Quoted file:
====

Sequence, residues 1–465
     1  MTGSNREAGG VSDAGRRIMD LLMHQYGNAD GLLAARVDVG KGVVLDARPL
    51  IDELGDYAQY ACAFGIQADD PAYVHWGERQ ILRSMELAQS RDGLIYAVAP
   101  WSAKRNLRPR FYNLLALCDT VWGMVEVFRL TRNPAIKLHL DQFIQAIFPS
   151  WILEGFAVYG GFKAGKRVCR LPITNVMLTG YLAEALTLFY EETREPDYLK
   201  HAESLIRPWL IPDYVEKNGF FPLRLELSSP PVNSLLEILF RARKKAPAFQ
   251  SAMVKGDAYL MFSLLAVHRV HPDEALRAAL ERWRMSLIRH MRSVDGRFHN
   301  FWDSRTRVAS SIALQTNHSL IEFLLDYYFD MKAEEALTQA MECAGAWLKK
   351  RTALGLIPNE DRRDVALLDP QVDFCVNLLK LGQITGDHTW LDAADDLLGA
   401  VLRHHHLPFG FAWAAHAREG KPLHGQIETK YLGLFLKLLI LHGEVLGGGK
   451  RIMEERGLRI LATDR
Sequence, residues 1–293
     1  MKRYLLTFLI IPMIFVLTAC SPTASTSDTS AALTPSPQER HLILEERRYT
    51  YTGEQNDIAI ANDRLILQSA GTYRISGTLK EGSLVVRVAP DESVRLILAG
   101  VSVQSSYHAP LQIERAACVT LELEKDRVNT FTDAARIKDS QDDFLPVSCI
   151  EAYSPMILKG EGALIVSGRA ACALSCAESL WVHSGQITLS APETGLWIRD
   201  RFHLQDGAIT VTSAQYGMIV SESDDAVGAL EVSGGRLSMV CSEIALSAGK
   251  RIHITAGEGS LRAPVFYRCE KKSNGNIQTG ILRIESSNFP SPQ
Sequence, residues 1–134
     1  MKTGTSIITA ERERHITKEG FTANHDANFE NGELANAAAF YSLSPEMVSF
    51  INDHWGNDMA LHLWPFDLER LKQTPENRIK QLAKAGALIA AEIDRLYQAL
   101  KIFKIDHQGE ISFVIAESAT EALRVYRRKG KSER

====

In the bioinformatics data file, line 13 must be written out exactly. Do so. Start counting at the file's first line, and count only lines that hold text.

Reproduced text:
     1  MKRYLLTFLI IPMIFVLTAC SPTASTSDTS AALTPSPQER HLILEERRYT